A poster on the wall at Zesh Rehman's apartment in Bradford city centre frames a quote from New York business guru Peter A Cohen. Under the heading persistence, it reads: "There is no giant step that does it. It's a lot of little steps."

Rehman, 26, had to climb a number of little steps to become a professional footballer – the only Asian man to play in all four divisions of the English game, including the Premier League. There were times, indeed, when it must have felt more like edging up a rock face.  Sheer determination enabled him to chip away at every obstacle to achieve a debut for Fulham against Liverpool at Anfield in 2004. Now he's offering a helping hand to youngsters from similar backgrounds who might want to follow in his footholds.

The Zesh Rehman Foundation has two aims. One is to address the noticeable under-representation of British-born players with south Asian heritage in the professional game. The other is to promote football as a "pathway to community cohesion" between young people from all cultures. At a time when lurid tabloid headlines have been dwelling on the sleazy off-field activities of a few highly paid international players, Rehman is keen to stress the benefits to youth of what is required to "make it" as a pro in the first place: determination, discipline and diet.

"When I was on the books at Fulham as a teenager, my mum was sent a diet sheet from the club," he recalls. "Out went the curries and in came pasta, fish and chicken for me and my older brother, Rizwan," he recalls. "We have four sisters and they went without any luxuries to help finance our football equipment and the cost of ferrying us around the country, chasing a dream."  Rizwan's dream came to an end when he broke his leg shortly before he was set to make his first-team debut at Brentford. He's now helping his younger brother with the day-to-day running of the foundation. Zesh is now club captain at Bradford City.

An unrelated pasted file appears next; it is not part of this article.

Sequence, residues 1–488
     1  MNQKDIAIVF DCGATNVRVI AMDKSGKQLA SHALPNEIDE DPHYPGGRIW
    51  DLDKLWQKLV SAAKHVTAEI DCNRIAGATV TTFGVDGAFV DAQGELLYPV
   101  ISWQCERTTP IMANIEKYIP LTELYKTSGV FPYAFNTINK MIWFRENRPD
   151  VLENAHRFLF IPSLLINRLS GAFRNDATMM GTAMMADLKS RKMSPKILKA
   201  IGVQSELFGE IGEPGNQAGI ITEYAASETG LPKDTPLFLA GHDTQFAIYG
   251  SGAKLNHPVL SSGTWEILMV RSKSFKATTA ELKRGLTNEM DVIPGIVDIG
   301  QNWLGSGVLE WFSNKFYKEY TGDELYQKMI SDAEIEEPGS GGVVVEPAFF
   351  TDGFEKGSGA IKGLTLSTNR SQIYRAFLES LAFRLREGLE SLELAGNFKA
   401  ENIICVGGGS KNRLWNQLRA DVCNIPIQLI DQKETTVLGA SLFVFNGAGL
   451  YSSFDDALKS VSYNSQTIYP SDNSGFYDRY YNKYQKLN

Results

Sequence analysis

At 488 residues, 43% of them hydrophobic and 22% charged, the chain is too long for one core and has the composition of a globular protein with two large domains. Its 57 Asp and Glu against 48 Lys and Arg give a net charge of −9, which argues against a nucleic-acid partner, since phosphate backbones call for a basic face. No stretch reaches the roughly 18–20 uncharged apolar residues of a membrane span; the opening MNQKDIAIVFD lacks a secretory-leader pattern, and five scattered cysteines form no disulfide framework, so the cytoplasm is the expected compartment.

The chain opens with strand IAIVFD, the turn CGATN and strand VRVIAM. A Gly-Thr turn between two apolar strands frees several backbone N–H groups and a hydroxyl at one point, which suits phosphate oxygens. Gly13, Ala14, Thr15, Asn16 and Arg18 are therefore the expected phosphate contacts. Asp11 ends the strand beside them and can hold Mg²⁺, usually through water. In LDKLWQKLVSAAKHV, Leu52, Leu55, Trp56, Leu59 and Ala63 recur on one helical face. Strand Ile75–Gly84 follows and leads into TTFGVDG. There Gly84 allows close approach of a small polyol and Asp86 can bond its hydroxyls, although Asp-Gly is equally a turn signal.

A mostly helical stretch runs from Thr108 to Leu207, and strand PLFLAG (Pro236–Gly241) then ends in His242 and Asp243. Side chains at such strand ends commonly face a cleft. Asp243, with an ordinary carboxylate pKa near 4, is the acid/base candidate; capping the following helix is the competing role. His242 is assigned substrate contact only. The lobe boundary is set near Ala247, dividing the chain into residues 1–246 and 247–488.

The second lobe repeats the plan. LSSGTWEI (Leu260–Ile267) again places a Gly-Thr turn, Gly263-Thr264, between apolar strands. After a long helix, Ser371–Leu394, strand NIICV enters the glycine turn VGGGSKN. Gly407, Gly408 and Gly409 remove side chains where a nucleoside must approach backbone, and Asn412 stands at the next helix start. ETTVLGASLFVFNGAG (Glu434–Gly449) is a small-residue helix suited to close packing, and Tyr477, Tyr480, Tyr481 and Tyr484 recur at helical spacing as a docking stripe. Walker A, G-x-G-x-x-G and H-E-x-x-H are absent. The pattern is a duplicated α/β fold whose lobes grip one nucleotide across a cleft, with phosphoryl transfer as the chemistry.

Good habits

Last month saw the foundation launch a pilot project that will see around 20 children, aged nine to 11, from Hill Top primary school in Bradford will take part in workshops after school once a week for 10 weeks. Pupils come from a range of socio-economic and ethnic backgrounds. "They'll be learning about nutrition, exercise and diet – trying to get them to adopt good habits that will stand them in good stead whether they make it in football or not," Rehman stresses. 

"The course will include a visit to Valley Parade [Bradford's ground] to see what goes on behind the scenes in the football industry, and the job opportunities there for girls as well as boys. And on week three they'll go to a match for free."  Who's paying for all this? "Well, I paid to register the charity and for the tickets for the kids," he says. "You have to believe in your own project. But we're also looking for sponsorship. West Yorkshire police want to get involved. They've agreed to fund a venue and we're currently trying to find a floodlit pitch. As far as the police are concerned, it's far better to have youngsters playing football after dark than hanging around street corners while wannabe gangsters cruise around offering them drugs."